The sentence with cow is not grammatical. You could use a plural form without an article, the definite article or the indefinite article here. All can have a general meaning, but there are differences. It is a complex area but here are the rules:


a + singular countable noun

We can use this with general meaning when we are talking about something which defines the group. For example:

An elephant is an impressive sight.

In other words, being an impressive sight is one of the characteristics of an elephant; if we saw an animal and it was not impressive then we could be fairly sure that it was not an elephant. We are talking about any elephant here - it is true of them all.


the + singular noun

We can use this with general meaning when we are talking about our image or concept of the noun. For example:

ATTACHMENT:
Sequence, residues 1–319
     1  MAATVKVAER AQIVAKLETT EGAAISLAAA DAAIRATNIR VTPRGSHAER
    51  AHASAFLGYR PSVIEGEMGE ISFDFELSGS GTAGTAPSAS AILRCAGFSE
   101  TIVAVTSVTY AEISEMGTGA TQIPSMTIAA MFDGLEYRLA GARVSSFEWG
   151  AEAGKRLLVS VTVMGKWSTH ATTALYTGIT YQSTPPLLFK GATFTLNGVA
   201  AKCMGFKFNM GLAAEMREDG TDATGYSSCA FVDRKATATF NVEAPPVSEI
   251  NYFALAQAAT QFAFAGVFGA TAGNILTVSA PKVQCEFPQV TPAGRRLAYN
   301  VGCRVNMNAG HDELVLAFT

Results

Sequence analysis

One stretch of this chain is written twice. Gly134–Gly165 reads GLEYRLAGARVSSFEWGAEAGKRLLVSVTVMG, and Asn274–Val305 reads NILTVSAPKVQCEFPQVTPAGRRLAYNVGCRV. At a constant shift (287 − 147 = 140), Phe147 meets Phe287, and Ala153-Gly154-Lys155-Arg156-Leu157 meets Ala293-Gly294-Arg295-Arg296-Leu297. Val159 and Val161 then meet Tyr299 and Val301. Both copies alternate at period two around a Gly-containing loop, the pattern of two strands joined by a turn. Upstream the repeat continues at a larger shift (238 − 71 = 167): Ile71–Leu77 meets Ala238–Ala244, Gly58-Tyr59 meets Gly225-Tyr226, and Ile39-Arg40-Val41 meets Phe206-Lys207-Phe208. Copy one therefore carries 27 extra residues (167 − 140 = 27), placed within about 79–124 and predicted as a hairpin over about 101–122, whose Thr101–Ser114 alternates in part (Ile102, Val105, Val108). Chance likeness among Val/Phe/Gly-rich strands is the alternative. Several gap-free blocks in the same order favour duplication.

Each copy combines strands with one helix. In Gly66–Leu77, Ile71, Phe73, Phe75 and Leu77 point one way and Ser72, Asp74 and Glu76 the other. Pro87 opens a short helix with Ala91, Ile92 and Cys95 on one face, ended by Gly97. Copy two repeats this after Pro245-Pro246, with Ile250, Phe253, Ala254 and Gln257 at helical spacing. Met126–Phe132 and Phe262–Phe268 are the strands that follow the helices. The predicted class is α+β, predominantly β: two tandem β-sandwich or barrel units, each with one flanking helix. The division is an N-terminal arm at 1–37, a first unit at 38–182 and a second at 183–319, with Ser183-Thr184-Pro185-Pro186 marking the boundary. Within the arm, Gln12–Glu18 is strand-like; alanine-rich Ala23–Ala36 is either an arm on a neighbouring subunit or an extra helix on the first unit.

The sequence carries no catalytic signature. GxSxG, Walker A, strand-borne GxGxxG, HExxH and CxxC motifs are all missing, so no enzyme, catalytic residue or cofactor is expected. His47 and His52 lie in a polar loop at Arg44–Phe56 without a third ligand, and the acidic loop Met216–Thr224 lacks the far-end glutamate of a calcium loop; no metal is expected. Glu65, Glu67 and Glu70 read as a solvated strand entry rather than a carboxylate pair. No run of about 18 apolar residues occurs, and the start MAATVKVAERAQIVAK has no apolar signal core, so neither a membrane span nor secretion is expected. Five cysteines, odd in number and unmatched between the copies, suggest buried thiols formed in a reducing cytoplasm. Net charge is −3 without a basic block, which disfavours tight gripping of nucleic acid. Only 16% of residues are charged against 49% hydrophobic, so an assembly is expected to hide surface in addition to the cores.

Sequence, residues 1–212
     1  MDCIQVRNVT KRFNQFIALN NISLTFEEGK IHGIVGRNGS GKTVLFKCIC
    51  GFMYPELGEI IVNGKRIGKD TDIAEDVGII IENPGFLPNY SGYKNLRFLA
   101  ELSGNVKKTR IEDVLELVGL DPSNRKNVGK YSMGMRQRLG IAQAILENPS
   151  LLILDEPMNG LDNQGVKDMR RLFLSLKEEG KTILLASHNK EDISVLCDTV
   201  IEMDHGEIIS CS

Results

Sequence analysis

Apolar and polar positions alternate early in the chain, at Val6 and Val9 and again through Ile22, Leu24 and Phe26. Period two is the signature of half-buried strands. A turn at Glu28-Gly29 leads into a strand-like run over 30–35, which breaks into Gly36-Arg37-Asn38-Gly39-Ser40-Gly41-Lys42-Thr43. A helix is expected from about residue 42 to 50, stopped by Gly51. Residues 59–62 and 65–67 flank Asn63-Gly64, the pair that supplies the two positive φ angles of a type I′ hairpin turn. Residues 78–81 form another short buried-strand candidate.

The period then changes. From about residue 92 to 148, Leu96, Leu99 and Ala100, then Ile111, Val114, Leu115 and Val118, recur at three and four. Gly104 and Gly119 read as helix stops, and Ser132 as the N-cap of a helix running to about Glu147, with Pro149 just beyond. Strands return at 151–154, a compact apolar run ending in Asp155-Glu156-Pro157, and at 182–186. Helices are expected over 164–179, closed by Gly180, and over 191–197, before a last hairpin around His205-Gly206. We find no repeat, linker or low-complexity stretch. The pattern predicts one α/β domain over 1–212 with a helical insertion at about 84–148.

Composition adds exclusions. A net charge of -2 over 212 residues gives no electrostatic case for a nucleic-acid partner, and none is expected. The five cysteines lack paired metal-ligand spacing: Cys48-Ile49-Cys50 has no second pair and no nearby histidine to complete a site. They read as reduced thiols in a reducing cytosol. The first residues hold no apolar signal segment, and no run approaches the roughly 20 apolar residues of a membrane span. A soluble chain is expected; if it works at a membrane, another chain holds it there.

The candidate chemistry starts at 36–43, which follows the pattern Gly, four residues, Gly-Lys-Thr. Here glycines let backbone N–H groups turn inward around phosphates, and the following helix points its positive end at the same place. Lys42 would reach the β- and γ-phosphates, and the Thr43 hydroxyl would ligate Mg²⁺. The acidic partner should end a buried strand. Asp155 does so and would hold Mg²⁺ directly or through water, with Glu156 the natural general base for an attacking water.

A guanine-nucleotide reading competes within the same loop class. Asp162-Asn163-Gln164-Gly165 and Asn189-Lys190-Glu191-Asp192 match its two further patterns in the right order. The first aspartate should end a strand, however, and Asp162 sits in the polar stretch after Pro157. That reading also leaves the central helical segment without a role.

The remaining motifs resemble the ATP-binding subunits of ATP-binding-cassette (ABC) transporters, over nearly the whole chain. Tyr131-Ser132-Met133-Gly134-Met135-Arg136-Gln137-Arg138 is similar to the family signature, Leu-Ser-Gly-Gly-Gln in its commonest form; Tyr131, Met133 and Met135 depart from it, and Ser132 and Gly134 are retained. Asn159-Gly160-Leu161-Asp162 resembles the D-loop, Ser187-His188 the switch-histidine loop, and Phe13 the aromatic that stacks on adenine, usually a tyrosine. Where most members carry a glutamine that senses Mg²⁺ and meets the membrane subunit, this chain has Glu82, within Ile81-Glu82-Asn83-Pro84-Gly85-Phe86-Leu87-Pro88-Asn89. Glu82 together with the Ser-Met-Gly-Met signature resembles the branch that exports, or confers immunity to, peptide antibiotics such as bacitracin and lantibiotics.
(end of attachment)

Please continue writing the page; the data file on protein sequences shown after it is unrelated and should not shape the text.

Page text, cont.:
The elephant can live for over sixty years.

Here we are not talking about a real elephant, but rather the concept of 'elephant' in our heads.


no article + plural countable noun or uncountable noun

we use this to talk about what is normal or typical of a type. It may or may not be true of all individuals but it is typical of most. For example:

Swedish people are tall.

Here we are talking about the average height of Swedes, not any particular person or concept.


The distinctions are subtle but sometimes can be important. For example, we can say with general meaning:

Whales are in danger of becoming extinct.

The whale is in danger of becoming extinct.


However, we cannot say:

A whale is in danger of becoming extinct.

This is because being in danger of becoming extinct may be true but it does not define the whale.


I hope that helps to clarify it for you. It is a complex area.



The LearnEnglish Team

In 'The definite article with names " exercise, what do you mean by particular islands and mountains and why we don't use an article with it? and how is it different from "geographical features, such as mountain ranges, groups of islands, rivers, seas, oceans and canals"?

Hello H_L